But for the fisherfolk such as D’costa and his friends in Karnataka’s Alvekodi village, it’s what life is all about - living on the edge of the roaring waves!
Game of hunger and fulfilment
Like the waves of these pristine beaches, the fishermen here are relentless, no matter how many times they get ‘no’ for an answer, they keep seeking their fortunes from the sea.
Most of the fisherfolk live their entire lives playing this thrilling game of hunger and fulfilment! For them life is nothing but a constant gamble!
“I know this work like my life. I started fishing as a 14-year-old for a salary of just Rs10 per day, I am now 51 years old. It’s been more than 34 years in this field,” said D’costa, who employs around 20 people for his small fishing enterprise.
Needless to say, life at sea is tough and challenging, with each fisherman’s task cut out and there is no question of any laxity. A moment’s negligence could ruin the whole group’s fortunes.
Knowing their range and surroundings is of particular importance for the smaller boats, as straying too far from the shore could mean hitting the point of no return.
For the Alvekodi fishermen the risk is greater, as the sea here is rocky and dropping the guard for a moment could spell a disaster.
“I have experienced a lot of losses and sometimes I get frustrated and feel like I should quit doing this. But, what else can I do? We have no choice other than working hard day and night in order to survive!
So, I don’t allow myself to lose hope. I believe, one day I will reap the fruits of my hard work and God will send my way a bumper catch,” says the enterprising and optimistic D’costa.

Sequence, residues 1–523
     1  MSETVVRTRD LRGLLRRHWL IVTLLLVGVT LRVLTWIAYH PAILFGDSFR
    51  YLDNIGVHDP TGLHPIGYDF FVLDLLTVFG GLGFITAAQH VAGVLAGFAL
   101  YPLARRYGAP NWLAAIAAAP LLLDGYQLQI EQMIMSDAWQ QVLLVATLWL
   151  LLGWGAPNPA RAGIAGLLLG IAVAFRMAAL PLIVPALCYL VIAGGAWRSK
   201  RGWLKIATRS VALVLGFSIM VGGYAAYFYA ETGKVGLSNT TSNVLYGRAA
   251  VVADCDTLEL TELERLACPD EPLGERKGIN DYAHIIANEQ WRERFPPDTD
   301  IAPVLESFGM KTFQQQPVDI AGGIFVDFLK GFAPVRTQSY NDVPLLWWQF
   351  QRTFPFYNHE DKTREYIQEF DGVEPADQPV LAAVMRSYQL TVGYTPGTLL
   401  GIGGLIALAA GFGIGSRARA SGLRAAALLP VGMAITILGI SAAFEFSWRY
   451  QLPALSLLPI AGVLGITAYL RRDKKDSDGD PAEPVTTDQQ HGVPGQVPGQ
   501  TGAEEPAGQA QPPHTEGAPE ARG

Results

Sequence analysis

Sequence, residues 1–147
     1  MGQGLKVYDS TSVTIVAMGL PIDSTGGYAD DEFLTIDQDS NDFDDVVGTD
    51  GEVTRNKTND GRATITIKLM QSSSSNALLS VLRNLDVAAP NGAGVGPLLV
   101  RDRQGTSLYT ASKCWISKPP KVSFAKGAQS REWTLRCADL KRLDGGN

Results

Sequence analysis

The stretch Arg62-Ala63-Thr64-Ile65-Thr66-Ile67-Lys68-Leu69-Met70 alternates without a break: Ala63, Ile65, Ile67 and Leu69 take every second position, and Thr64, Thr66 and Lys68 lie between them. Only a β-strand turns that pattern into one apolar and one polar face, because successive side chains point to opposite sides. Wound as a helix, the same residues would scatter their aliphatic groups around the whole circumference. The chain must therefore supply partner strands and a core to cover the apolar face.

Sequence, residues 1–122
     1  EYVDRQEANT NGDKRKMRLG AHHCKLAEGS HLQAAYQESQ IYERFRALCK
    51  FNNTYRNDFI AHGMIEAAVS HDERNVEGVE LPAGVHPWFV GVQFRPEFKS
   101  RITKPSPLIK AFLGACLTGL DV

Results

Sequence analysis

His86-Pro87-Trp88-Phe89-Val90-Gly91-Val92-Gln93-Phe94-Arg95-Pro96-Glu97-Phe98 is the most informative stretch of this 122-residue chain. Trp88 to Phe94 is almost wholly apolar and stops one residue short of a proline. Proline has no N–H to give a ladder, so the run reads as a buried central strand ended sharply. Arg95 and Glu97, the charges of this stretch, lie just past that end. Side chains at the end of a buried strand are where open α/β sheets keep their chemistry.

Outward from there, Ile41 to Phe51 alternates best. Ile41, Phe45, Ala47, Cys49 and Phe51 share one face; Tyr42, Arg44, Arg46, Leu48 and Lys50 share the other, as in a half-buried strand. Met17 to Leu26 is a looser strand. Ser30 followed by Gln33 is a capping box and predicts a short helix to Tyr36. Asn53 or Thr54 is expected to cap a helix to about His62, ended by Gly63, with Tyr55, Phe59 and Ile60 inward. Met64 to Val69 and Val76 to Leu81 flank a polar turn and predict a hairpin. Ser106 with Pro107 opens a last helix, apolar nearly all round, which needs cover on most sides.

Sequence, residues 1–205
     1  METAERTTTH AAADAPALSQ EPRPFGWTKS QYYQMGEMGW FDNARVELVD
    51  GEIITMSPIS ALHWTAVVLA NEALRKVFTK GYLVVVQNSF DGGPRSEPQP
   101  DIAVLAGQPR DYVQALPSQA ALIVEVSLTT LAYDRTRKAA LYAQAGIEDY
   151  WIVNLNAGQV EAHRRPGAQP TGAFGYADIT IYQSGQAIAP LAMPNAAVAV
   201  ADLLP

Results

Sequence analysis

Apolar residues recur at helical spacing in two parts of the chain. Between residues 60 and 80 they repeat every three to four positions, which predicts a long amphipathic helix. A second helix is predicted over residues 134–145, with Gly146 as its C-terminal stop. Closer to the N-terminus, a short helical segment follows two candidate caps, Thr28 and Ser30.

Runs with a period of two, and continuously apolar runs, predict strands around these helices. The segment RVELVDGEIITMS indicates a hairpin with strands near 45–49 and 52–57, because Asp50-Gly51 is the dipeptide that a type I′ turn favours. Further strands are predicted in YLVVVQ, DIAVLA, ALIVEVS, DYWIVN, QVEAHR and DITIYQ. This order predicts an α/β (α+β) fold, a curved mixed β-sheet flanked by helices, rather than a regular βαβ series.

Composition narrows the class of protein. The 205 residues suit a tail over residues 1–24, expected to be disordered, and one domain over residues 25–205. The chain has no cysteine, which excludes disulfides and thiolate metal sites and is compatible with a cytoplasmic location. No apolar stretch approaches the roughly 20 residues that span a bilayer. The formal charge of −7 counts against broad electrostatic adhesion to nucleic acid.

Fishing in most of these tiny coastal hamlets is as much a community business as it is an individual endeavour. It’s not just the matter of a mouth to feed or a family to sustain, its a matter of a village’s survival!
Like Anthony, many of the fishermen here employ the round-net fishing technique, which involves a team of around 20 people working together.
The technique requires setting of a trap in the sea covering a range of 250 metres, and pulling the long ropes connecting the net back to the shore.
“Earlier, I used to operate a bigger boat, employing 60-70 people, but bigger boat means bigger risks and there is not much fish to catch. So, after a lot of struggle and losses, I have started a smaller boat. But, I am still struggling to find a decent catch. Per day I make only Rs500 to Rs600, paying salaries to 20 people who work with me is a daily struggle,” said Anthony, who despite struggles keep seeking his fortune from the sea.
For the business of this magnitude to be sustainable fishermen need big hauls regularly, which is rarely the case.
What they make per fishing trip is usually between Rs50 and Rs100 per person, which is hardly sufficient for an individual to survive, let alone a family.
However, with their big hearts and vast pools of endurance they take every adversity in their stride.
Whether they hit the jackpot or return empty handed, they are in it together!
Whatever be the case, their spirits are usually high, their principle is simple - today there may not be much fish to fry, but tomorrow is a sea of opportunities!
Shafaat Shahbandari is a Bengaluru-based freelance journalist and Founder-Editor of Thousand Shades of India